He was a member of the Burschenschaft Frankonia with Deussen. But he abandoned theology and devoted himself to philology alone with the guidance of Professor Friedrich Wilhelm Ritschl. The following year he moved with Ritschl to the University of Leipzig. There he would establish an intimate friendship with the student Erwin Rohde, who helped him to open his field of thought and also promoted the writing of several texts on philology, which would be published a little later. He began to read the works of Arthur Schopenhauer. He scrutinized the work of Friedrich Albert Lange: History of materialism. Both experiences paved the way for him to start in the discipline of philosophy, overcoming his interest in philology.
In 1865, he contracted syphilis it is said that one of the reasons was a visit to a brothel while he was traveling through Cologne. In 1867 he carried out one year of voluntary military service with the Prussian artillery division of Naumburg. But the following year he suffered an accident that excluded him from military service and then he focused on the study. Richard Wagner was a man he met at that time and was fundamental in his development. Then, Nietzsche was a professor of classical philology at the University of Basel. In 1869 the University of Leipzig granted him a Ph.D. for the quality of his research.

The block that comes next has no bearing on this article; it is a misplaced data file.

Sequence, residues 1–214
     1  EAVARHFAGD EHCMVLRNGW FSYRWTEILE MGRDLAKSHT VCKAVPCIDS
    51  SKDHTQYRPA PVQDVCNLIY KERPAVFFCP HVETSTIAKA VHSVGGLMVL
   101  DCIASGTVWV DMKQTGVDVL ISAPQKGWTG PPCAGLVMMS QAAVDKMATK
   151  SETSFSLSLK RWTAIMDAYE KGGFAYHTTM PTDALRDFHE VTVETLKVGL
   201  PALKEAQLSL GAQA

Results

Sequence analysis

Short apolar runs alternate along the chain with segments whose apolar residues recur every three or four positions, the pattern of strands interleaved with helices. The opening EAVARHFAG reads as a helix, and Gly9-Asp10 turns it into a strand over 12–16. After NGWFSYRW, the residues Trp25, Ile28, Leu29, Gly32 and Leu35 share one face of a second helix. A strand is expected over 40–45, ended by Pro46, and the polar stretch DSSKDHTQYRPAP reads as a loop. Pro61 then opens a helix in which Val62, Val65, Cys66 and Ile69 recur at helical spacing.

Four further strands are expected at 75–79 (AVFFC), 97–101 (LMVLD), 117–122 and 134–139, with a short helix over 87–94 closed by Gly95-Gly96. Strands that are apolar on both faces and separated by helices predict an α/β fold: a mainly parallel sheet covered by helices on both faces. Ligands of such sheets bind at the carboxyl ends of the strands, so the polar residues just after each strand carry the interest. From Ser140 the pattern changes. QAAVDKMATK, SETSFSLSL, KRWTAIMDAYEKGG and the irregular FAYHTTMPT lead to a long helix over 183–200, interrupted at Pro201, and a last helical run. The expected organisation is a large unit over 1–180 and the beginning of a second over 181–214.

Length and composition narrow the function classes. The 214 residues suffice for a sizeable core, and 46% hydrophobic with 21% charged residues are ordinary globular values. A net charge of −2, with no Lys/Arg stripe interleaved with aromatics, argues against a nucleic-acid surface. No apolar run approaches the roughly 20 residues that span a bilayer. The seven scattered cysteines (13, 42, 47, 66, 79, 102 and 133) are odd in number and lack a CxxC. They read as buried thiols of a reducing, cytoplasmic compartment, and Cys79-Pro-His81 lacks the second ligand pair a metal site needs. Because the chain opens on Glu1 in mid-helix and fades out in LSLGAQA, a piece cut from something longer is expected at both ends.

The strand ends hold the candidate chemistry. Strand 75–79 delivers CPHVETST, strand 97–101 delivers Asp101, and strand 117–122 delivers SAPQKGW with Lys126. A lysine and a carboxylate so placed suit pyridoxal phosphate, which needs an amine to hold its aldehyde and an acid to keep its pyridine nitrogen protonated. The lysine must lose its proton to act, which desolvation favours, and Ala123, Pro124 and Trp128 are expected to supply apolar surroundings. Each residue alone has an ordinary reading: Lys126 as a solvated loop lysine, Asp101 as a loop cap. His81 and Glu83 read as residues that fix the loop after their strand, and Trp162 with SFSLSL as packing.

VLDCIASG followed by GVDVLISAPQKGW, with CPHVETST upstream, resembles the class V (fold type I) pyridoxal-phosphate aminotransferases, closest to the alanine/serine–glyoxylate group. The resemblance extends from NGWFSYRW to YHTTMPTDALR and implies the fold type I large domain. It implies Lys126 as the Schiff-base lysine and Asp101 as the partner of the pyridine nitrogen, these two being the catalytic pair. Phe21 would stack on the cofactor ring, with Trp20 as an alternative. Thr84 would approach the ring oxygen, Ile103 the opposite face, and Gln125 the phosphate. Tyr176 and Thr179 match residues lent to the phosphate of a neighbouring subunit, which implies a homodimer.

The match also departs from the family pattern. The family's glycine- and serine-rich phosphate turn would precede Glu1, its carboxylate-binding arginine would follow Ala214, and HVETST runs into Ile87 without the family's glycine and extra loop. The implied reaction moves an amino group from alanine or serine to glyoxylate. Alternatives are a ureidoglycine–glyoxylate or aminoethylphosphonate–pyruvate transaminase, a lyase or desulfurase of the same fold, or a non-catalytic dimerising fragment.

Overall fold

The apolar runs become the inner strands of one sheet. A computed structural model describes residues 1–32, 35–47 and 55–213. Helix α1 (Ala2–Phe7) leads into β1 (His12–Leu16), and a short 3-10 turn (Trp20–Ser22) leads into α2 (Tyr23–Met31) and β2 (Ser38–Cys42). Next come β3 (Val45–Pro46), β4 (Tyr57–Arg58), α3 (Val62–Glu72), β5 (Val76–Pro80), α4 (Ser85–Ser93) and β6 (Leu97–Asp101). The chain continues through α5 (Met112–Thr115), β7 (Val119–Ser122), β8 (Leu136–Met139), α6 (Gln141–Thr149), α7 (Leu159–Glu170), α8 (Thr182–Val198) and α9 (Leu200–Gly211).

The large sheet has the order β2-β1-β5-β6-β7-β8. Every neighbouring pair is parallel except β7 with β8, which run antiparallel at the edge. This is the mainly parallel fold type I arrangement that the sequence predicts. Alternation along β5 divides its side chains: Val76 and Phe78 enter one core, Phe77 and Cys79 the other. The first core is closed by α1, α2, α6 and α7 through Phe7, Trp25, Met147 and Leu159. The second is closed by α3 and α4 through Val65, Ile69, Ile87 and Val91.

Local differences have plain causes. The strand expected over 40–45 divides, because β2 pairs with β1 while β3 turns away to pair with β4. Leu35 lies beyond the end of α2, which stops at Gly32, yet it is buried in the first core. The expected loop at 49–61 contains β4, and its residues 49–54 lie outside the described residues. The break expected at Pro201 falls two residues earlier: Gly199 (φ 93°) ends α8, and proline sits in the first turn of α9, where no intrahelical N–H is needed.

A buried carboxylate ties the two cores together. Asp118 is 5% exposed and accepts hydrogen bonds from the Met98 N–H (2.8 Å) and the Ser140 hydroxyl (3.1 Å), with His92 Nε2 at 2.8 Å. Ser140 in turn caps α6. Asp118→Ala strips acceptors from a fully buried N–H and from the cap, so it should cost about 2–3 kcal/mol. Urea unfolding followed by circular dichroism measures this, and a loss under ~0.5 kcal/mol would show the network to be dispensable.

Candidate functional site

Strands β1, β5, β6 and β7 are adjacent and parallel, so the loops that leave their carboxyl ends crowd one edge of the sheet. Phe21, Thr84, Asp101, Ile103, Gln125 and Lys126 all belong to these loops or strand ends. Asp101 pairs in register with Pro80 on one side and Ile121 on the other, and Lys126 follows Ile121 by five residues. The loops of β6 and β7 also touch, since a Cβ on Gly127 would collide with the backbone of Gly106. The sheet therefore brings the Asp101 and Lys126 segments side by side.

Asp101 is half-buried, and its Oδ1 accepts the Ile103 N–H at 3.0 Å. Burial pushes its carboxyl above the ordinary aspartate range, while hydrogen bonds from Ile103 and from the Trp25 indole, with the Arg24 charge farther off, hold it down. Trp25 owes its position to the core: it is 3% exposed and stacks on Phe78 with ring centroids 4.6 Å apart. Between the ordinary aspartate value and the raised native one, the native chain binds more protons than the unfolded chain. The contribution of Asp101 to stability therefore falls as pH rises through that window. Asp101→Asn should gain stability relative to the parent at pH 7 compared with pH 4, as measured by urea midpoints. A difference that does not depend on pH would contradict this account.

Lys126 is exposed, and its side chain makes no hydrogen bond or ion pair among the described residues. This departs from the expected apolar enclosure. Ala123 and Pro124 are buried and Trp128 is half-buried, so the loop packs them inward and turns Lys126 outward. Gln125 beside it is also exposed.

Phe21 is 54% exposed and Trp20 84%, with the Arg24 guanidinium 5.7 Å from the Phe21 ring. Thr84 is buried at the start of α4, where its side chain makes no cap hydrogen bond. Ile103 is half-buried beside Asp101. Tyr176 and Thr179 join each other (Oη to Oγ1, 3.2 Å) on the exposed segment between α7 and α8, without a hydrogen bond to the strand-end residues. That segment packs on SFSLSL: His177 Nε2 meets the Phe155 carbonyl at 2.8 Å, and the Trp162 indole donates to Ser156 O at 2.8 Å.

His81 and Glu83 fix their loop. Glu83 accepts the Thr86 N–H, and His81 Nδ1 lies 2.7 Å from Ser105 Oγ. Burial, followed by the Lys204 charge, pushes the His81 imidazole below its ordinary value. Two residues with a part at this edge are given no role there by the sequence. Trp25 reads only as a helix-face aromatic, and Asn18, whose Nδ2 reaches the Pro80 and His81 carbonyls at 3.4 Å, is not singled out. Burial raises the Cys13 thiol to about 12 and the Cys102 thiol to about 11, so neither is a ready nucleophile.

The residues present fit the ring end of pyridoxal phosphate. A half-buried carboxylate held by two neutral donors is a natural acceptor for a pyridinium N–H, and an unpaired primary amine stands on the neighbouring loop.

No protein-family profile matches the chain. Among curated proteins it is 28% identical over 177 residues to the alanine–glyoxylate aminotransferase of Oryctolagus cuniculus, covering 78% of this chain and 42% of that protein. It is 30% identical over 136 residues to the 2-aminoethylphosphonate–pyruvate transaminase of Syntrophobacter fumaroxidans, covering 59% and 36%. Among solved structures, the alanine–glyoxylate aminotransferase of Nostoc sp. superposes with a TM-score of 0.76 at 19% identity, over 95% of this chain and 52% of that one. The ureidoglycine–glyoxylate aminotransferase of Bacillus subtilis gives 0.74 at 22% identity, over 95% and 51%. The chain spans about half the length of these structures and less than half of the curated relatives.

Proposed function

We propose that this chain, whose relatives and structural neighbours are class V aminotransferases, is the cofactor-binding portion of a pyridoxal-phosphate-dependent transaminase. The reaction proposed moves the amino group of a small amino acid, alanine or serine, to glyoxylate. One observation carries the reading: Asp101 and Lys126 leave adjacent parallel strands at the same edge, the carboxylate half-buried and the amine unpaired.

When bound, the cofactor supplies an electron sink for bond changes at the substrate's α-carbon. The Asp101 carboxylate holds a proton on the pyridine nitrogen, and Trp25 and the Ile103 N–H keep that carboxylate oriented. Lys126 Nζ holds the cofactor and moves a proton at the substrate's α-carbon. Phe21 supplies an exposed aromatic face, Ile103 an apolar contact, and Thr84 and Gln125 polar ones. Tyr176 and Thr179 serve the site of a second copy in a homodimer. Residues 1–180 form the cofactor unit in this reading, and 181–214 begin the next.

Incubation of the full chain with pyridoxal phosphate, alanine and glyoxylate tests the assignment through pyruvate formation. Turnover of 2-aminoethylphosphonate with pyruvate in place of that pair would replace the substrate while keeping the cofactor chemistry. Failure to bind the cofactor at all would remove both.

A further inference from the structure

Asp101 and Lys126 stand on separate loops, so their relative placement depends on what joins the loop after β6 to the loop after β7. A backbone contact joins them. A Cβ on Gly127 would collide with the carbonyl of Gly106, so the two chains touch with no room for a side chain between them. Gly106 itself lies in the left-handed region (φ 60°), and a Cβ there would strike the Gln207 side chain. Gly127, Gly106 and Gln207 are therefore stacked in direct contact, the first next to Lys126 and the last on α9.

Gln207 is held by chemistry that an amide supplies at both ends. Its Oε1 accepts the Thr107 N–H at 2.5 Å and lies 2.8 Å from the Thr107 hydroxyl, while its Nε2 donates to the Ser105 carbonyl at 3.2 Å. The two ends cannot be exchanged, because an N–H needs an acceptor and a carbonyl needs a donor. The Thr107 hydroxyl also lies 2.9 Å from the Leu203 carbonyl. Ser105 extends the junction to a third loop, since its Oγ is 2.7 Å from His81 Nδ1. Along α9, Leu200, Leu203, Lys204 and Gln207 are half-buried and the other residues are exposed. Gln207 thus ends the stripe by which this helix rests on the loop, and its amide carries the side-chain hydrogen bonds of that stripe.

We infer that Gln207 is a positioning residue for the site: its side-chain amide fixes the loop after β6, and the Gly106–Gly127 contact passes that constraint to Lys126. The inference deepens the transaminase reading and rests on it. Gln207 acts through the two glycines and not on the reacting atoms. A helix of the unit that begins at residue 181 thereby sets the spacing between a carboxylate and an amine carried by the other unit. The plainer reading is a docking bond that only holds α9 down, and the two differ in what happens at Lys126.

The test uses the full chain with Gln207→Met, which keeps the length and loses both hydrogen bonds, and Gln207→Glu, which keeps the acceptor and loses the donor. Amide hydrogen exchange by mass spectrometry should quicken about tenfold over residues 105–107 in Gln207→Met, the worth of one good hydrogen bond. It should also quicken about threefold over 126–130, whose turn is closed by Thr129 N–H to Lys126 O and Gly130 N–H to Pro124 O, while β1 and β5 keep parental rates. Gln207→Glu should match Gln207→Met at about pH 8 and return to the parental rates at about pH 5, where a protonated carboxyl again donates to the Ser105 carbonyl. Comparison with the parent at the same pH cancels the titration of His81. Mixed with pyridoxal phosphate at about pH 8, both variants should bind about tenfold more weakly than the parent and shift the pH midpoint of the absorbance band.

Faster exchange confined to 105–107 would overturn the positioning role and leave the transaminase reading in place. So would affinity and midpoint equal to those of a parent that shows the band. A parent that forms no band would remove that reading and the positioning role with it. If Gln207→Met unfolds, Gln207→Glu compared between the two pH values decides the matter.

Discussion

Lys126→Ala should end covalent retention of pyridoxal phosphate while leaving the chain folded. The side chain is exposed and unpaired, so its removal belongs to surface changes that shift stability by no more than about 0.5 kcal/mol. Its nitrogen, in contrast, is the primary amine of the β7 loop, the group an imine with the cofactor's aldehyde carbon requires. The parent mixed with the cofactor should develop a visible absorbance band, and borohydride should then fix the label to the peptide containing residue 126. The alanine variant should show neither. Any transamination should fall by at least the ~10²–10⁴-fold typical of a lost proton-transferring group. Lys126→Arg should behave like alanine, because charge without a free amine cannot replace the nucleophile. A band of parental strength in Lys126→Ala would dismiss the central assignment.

Immediately the University of Basel appointed him professor of classical philology and the following year he was promoted to honorary professor. By this time he had been rejected by the poet Lou Andreas-Salomé, an issue that affected his emotional health. Nietzsche renounced his German citizenship, spent the rest of his life officially without nationality. But that did not stop in 1870 serving on the Prussian side during the Franco-Prussian war as a sanitarian because he was not accepted as a combatant. There he witnessed the traumatic effects of the battle. He contracted diphtheria and dysentery, diseases that ruined his health for life.